NEW from @Reuters: Federal prosecutors have offered an ominous new assessment of the mob that stormed the U.S. Capitol last week, saying they had "strong evidence" that "the intent of the Capitol rioters was to capture and assassinate elected officials."
Prosecutors alleged that the man who appeared shirtless wearing horns on the Senate dais during the siege participated "in an insurrection attempting to violently overthrow the United States government," its strongest language so far describing last week's unrest.
From @Reuters: The first wave of arrests from the siege of the U.S. Capitol was of rioters who made themselves especially visible - people who mugged for cameras or posted real-time confessions online. Authorities expect more serious charges will follow.
The Capitol mob was a diverse mix of QAnon adherents, right-wing activists and people who were school employees, policemen and even an Olympic swimmer. One had an attempted-murder rap. What united them was support for Trump and a deep political grievance.
For the most part, the people facing charges so far in the Capitol siege made it exceptionally easy for the FBI to find them. I've never seen this many people charged with this many crimes this quickly based on their own public confessions. reuters.com/article/us-usa…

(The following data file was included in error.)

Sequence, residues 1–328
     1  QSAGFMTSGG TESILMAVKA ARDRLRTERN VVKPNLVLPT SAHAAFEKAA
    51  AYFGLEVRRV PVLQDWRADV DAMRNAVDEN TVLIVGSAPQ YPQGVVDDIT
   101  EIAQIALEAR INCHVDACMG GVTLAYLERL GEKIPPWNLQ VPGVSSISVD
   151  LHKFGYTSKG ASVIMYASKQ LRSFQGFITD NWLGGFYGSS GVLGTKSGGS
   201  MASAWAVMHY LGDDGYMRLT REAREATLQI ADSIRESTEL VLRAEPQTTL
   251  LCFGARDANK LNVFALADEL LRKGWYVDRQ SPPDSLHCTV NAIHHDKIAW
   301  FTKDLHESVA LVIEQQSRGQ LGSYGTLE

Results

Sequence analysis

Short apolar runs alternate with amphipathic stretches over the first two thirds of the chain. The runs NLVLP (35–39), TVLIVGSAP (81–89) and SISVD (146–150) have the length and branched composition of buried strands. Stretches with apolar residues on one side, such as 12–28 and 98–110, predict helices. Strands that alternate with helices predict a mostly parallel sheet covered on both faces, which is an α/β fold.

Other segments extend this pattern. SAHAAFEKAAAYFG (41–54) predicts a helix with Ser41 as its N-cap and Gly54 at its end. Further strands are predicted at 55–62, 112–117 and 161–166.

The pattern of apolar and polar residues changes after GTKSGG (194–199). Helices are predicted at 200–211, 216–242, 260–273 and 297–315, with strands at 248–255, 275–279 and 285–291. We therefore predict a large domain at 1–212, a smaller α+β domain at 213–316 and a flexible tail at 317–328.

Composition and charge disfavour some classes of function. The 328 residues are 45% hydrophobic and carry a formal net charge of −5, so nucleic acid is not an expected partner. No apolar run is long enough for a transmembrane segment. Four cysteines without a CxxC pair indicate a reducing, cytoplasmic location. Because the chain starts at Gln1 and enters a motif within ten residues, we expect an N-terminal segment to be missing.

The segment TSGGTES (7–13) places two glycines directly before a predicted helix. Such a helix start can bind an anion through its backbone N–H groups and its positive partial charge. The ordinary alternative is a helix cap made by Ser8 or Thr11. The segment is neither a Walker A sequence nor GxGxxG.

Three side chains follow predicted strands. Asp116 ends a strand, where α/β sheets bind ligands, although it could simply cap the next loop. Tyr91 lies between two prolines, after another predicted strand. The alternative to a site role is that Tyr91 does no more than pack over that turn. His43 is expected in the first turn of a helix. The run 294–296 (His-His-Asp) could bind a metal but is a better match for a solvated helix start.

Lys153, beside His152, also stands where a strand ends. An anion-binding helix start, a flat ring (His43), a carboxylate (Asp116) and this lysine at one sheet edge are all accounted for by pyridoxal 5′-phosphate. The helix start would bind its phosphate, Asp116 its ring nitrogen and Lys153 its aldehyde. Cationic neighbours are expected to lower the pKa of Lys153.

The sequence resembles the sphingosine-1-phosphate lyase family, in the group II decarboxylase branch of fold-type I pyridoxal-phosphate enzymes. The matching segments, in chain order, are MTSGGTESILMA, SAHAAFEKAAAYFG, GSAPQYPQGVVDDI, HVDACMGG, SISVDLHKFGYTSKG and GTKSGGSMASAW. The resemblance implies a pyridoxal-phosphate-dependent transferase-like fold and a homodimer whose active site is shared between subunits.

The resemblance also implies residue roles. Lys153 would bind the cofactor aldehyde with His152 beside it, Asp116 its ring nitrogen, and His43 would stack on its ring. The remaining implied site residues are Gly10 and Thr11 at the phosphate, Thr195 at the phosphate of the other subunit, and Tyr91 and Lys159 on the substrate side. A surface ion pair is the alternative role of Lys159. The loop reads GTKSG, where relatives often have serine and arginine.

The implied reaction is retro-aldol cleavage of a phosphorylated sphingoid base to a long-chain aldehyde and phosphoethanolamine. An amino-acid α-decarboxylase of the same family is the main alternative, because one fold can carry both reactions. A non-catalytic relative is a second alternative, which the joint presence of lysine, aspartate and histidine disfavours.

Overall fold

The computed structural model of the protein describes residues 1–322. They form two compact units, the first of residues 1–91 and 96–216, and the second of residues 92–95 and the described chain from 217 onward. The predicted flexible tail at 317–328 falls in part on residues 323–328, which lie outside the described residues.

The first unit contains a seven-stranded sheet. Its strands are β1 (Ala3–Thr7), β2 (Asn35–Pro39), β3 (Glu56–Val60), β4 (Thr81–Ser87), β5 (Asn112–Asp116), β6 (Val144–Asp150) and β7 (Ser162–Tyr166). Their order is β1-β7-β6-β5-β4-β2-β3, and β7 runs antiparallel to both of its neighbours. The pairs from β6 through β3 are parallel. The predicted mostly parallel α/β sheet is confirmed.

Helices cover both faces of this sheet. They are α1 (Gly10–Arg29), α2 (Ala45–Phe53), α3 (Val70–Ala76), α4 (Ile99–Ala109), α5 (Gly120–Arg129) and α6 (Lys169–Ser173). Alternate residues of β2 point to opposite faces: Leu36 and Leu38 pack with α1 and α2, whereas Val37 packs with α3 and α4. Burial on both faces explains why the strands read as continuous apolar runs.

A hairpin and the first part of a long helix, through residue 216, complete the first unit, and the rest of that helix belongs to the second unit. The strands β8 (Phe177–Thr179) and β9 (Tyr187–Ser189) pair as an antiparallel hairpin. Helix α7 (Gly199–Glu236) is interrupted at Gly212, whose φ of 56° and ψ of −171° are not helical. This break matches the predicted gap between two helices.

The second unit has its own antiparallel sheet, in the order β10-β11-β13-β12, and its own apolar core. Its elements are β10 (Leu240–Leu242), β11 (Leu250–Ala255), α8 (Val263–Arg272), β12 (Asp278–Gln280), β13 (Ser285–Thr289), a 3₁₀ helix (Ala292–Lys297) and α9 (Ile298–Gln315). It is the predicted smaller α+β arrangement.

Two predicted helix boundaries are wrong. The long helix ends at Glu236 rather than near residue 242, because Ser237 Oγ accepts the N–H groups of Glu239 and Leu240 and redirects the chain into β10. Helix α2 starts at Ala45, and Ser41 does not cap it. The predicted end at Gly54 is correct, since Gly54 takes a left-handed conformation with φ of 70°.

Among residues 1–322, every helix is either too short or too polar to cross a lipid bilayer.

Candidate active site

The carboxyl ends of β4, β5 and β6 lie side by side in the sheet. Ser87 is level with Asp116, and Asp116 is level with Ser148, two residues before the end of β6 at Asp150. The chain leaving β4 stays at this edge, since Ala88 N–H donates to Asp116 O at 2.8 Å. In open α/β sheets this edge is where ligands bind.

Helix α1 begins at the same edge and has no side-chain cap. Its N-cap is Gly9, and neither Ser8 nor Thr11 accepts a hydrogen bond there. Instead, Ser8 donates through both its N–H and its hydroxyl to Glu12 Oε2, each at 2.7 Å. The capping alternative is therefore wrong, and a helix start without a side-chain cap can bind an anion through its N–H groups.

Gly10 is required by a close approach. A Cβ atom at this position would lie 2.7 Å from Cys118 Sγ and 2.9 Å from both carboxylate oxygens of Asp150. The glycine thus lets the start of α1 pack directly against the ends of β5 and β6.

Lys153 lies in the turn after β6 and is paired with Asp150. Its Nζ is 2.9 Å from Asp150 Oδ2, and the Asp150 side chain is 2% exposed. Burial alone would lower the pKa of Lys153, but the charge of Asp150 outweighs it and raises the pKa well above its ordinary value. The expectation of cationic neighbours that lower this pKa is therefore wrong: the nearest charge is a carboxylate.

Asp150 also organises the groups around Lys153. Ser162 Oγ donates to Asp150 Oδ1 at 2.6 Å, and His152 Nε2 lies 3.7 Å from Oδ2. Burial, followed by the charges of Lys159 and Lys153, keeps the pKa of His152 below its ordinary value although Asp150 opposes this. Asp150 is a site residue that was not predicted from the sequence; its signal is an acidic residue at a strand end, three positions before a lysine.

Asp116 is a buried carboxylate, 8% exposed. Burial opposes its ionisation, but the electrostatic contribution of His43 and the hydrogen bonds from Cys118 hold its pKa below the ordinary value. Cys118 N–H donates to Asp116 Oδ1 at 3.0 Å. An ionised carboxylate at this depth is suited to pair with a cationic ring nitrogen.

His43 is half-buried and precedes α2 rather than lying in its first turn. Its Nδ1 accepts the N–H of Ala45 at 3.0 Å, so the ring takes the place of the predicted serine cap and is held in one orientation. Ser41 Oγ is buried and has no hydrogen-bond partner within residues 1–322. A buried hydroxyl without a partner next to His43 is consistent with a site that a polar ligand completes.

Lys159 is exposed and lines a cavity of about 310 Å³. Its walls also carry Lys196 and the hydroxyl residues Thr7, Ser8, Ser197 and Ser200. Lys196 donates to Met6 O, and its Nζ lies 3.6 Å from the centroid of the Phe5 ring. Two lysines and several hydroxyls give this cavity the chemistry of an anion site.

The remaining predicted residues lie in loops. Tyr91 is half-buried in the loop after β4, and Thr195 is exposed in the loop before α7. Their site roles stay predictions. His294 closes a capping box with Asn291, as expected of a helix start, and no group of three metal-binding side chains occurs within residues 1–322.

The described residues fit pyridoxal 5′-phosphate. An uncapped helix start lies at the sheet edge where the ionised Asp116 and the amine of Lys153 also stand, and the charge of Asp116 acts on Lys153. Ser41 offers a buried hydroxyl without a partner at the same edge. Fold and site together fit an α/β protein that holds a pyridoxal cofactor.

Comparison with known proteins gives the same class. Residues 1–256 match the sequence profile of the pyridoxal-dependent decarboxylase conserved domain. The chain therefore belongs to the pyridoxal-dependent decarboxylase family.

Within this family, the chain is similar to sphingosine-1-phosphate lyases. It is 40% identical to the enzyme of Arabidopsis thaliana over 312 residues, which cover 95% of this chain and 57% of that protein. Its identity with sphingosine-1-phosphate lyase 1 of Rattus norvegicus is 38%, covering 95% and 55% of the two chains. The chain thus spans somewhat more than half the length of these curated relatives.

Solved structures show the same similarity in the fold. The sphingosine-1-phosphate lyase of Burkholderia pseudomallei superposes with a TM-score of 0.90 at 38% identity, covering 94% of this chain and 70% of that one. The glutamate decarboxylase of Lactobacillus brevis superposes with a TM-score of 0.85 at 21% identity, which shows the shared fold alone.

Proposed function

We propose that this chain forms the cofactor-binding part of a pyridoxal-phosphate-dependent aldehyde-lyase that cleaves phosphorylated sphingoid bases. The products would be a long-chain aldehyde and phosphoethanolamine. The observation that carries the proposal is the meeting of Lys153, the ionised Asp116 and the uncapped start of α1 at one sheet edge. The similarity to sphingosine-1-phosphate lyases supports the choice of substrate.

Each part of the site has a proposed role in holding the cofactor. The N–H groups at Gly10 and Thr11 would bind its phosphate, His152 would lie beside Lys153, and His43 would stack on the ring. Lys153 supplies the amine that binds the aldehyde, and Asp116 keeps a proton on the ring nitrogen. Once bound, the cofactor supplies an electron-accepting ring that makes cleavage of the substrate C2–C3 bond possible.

The shirtless man with furs and a horned hat photographed on the Senate dais during the Capitol siege, Jacob Chansley, has been charged with unlawful entry. He told the FBI he came to D.C. "at the request of the President that all 'patriots' come to D.C."
Chansley confirmed to the FBI that this was him, according to the charging documents.
Prosecutors also charged the man who mugged for news cameras while walking through the Capitol holding a lectern. He posted about being in the Capitol on social media.
These are the lowest-hanging fruit for criminal cases.
The president's call with Georgia election officials is hard to listen to. We spend billions of dollars to make the president the best-informed person on Earth, but the information he's parroting about the election is total bullshit.
It's stunning that the president is peddling this much misinformation even in private. He told Georgia election officials that he actually won the state by a half-million votes. He didn't. It's hard to describe how far removed from reality that fiction is.
One wonders whether anyone who has the president's ear also has the courage to tell him the truth: He lost.
... And the lawsuit filed by Rep. Gohmert and others trying to give Vice President Mike Pence the power to singlehandedly select the next president has been dismissed because, to nobody's great surprise, they didn't have standing to bring this kind of case.